Early adoption of modern groundnut varieties in West AfricaWorking Paper Series No. 24 Socio Economic and Policy uri icon


  • This study investigates the early adoption of modern groundnut varieties in the pilot sites of the Groundnut Seed Project (GSP) in Mali, Niger and Nigeria following government and donors? investment. Seventeen varieties were disseminated in the pilot sites of the three countries. Uptake has increased significantly during the last three years partially as a result of project intervention.The proportion of area planted with modern varieties has increased by 22% in Nigeria, 12% in Mali and 10% in Niger in the pilot sites since 2003. Farmers using modern varieties have derived significant yield gains of 24%, 43% and 31% over the local varieties in Mali, Niger and Nigeria respectively. The modern varieties had significantly lower per unit cost of production estimated to 9.8%, 11% and 11% in Mali, Niger and Nigeria respectively. The net income derived by adopters is 66% higher than non-adopters in Mali, 73% in Niger and 111% in Nigeria. Relative to household types, income gains are estimated to be less than 20% compared to poor households in Mali, while it is more than 50% in Nigeria. Results from the Logit models indicate that the major determinants of adoption in the three countries include the participation of farmers to on-farm trials, the build up of social capital through the empowerment of farmers? associations and small-scale farmers at producing and marketing seed. Constraints to adoption remain the poor access and availability of seed of modern varieties, pest and disease pressure in at least two out of three countries. Tobit results indicate that intensification of modern varieties is dependent essentially on seed availability, social capital, exposure to the varieties through farmers? participatory variety trials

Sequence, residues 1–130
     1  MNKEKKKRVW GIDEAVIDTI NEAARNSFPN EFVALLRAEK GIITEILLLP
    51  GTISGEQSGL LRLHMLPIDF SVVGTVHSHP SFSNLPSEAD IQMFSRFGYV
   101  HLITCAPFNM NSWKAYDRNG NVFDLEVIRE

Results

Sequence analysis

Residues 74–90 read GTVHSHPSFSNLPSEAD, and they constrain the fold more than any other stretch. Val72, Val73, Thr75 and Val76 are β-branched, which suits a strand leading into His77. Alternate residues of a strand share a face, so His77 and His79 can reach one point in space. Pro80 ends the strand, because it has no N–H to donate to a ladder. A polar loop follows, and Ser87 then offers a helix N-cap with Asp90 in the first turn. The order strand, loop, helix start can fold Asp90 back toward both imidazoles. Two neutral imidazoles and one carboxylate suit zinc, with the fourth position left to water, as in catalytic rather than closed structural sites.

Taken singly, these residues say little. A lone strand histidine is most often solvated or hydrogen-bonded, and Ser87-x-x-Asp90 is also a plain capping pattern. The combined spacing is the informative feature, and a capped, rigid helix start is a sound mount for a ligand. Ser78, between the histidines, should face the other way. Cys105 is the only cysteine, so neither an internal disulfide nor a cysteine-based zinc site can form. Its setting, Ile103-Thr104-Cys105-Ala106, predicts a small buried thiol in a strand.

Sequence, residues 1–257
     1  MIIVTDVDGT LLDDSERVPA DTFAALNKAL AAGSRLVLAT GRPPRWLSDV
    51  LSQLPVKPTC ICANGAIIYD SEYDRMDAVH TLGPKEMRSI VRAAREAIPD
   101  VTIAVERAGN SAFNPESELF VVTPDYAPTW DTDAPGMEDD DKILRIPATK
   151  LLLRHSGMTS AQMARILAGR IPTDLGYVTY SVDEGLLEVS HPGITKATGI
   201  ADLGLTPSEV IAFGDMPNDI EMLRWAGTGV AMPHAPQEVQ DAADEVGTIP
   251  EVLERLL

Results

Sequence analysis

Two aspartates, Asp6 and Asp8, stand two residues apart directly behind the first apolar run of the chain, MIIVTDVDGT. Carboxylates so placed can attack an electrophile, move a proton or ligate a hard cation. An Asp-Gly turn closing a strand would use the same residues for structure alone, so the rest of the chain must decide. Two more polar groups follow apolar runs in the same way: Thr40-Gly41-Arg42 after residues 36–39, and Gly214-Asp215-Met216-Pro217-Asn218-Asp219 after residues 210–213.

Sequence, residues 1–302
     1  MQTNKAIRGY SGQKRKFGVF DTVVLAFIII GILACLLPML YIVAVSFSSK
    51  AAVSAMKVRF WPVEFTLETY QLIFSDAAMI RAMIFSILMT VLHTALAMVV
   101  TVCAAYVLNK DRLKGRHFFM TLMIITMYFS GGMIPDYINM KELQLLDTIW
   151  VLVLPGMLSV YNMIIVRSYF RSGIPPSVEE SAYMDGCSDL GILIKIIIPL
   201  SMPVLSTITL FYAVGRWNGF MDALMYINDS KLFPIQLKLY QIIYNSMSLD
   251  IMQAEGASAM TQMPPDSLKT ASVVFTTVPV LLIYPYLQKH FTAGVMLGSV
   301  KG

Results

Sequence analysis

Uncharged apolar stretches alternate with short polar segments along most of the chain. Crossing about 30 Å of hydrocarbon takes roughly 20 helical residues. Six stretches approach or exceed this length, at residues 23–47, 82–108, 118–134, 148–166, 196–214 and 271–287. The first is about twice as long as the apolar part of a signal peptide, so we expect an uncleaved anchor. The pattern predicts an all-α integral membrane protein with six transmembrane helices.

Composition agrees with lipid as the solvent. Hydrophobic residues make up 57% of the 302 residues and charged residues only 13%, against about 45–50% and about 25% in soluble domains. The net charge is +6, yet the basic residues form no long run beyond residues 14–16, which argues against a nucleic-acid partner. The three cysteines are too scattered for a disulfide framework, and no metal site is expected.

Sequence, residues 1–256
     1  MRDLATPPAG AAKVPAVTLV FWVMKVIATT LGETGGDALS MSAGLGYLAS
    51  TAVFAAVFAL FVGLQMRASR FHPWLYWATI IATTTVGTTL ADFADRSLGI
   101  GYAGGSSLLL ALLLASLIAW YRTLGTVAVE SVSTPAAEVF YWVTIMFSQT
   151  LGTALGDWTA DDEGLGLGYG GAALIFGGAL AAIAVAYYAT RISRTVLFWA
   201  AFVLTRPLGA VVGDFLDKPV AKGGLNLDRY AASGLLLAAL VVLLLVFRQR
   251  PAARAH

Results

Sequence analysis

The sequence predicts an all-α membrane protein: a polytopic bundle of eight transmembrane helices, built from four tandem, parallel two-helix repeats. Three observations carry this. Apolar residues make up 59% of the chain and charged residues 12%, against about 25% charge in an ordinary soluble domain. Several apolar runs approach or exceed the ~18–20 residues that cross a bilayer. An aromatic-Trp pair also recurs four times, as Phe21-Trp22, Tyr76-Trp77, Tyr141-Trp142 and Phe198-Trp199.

publication date

  • 2008